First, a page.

Wednesday, March 31, 2010
Buffalo takes a chance on Chad Jackson
A marginal signing within the AFC East usually isn't worth a blog post. I particularly have a hard time getting inspired to write about a player who couldn't find work the entire season before.
Since getting drafted by the Patriots in the second round of 2006, Chad Jackson has only 14 catches.
But Chad Jackson is a special case. He's one of the division's most notorious flameouts in the past decade.
The Buffalo Bills signed Jackson on Wednesday. Terms of his contract weren't disclosed, but it's safe to assume it's a low-risk deal for Buffalo.
Bill Belichick, Mike Shanahan and Josh McDaniels couldn't find a use for him, but maybe new Bills coach Chan Gailey will figure out how to extract production from a receiver who once was considered the most promising of his draft class.
Jackson is the Patriots' greatest draft failure on Belichick's watch. They overvalued the University of Florida receiver and kicker returner enough to move up 16 spots and draft him 36th overall four years ago.
"Talking to people in the organization, they misjudged how important football was to him," said former NFL linebacker Steve DeOssie, who hosts a Patriots postgame show on Boston sports-radio station WEEI. "I don't think he worked as hard as they anticipated him working.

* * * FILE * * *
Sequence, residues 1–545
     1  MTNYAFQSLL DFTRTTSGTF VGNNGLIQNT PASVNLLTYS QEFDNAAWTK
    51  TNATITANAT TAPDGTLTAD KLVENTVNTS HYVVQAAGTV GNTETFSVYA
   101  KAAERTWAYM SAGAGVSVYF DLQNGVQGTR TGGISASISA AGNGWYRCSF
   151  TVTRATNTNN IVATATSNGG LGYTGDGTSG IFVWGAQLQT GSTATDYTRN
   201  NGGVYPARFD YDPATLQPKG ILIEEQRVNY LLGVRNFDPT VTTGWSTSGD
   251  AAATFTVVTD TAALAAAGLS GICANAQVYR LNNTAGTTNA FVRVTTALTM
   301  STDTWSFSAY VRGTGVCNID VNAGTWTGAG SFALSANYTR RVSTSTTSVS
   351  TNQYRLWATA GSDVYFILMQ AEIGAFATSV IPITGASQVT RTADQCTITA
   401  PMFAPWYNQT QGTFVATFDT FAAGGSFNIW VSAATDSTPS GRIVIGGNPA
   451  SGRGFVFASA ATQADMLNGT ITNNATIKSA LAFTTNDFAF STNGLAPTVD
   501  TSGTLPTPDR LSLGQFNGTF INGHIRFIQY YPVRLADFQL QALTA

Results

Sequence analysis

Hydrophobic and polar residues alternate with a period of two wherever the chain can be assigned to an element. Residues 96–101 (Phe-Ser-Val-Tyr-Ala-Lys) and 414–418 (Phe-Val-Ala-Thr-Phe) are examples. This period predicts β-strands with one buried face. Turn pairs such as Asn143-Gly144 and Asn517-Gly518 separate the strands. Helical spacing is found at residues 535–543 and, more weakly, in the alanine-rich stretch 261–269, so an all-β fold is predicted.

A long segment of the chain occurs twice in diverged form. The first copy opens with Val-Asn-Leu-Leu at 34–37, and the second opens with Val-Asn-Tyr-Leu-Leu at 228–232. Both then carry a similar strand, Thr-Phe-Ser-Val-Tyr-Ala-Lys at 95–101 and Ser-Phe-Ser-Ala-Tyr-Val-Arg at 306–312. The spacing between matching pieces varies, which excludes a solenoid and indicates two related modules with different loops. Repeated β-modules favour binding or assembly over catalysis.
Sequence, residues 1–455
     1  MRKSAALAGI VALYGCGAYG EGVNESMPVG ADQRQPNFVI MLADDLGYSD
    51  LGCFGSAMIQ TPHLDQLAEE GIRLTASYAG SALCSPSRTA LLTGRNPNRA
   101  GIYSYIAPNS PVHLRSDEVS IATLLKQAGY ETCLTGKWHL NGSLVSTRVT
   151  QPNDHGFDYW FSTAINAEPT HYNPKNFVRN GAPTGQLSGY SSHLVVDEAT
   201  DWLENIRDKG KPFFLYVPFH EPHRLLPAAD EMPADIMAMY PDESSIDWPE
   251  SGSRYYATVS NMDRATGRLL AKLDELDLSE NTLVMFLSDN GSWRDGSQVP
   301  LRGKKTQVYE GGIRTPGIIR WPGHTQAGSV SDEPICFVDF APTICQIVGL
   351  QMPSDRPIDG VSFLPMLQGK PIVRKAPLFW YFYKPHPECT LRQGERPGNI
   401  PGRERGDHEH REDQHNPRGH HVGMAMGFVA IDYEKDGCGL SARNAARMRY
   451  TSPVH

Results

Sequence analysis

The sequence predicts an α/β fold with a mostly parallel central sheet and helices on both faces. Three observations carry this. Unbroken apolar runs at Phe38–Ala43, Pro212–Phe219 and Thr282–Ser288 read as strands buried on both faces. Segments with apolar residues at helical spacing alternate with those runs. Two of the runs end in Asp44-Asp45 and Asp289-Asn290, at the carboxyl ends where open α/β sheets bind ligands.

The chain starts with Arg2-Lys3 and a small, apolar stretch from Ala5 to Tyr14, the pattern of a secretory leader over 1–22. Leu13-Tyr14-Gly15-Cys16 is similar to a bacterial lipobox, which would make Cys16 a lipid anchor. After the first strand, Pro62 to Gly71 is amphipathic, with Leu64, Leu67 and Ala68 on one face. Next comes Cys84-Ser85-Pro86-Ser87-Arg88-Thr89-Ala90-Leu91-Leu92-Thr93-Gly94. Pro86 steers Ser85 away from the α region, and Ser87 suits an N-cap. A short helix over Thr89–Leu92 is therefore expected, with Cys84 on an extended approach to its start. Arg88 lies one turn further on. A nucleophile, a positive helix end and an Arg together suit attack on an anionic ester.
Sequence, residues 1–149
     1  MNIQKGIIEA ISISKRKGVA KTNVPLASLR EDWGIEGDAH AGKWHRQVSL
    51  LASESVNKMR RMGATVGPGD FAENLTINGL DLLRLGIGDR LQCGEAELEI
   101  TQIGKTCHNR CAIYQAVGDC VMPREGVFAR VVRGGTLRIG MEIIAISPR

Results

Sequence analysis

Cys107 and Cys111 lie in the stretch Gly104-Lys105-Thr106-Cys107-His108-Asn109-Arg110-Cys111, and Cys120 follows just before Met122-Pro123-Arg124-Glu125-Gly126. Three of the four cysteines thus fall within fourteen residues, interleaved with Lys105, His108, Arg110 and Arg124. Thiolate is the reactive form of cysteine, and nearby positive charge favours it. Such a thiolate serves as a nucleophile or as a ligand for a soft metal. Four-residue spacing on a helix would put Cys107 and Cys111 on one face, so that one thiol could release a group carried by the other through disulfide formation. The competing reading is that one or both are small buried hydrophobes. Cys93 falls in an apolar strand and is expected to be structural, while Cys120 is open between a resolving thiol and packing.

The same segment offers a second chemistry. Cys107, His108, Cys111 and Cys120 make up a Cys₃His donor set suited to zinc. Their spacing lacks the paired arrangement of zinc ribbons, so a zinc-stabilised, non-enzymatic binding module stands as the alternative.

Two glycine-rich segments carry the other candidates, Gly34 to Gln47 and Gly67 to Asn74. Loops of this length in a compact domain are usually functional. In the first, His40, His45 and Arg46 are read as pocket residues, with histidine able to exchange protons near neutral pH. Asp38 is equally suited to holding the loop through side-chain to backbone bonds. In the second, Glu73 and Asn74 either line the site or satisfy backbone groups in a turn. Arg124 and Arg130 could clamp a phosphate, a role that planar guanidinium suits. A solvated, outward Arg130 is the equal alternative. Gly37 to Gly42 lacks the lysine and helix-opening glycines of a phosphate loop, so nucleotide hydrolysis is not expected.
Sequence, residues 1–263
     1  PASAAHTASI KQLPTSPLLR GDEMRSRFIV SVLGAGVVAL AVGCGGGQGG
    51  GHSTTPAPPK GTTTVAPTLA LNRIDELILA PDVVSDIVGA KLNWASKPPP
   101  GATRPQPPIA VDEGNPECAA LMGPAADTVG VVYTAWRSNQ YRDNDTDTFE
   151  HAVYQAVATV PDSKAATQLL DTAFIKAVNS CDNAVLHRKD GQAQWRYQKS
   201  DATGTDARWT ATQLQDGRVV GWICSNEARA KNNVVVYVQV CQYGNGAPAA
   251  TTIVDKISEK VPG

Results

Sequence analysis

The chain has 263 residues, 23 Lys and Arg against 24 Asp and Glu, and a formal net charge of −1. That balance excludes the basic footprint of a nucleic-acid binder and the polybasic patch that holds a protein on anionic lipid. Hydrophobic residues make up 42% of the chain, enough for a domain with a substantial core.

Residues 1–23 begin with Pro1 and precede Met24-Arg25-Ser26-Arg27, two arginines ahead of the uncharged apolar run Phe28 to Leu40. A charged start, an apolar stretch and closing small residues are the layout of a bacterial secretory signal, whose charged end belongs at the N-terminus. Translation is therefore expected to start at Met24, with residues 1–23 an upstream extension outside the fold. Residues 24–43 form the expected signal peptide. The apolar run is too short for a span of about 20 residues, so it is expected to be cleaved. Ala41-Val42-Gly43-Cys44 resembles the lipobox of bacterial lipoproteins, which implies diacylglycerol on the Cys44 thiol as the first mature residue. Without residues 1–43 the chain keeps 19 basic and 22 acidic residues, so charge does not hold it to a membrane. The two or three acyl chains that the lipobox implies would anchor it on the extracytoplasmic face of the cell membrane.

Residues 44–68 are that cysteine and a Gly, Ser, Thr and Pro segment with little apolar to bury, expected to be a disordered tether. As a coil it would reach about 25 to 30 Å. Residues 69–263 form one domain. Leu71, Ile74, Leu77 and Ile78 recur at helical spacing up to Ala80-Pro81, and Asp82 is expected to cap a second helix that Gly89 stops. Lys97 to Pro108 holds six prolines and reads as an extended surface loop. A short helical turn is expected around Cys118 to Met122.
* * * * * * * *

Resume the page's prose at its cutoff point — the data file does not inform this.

"A receiver in that offense has to make some reads. He had to do a little more homework than with some other offenses, and he wasn't ready to put in the work. It wasn't a physical-skills scenario. He wasn't putting in the effort the Patriots expect, especially out of their top picks."
Jackson ran the 40-yard dash in 4.32 seconds. He was supposed to be the replacement for Super Bowl hero Deion Branch.
Hamstring and groin injuries limited Jackson's rookie season to a dozen games and 13 receptions. Then he suffered a torn anterior cruciate ligament in the AFC Championship game. He didn't return to the field until Week 10 of the 2007 season. He finished that season with zero catches and was released at the end of 2008 training camp.
Denver picked him up a month later. He played in four games, catching one pass. Denver cut him at the end of training camp last year, and he couldn't find a new employer until Wednesday.
"Overcoming injuries is all a part of work ethic," DeOssie said. "The guys who work hardest from rehab are the ones who come back best. If you choose not to work hard at rehab, especially a guy whose livelihood depended on speed, you don't stick around.
"Injuries weren't the reason. Hopefully, that's a lesson he's learned. I've seen it click before. Maybe he's one of those guys. Sometimes, you think differently at 25 or 26 than you do at 21 or 22."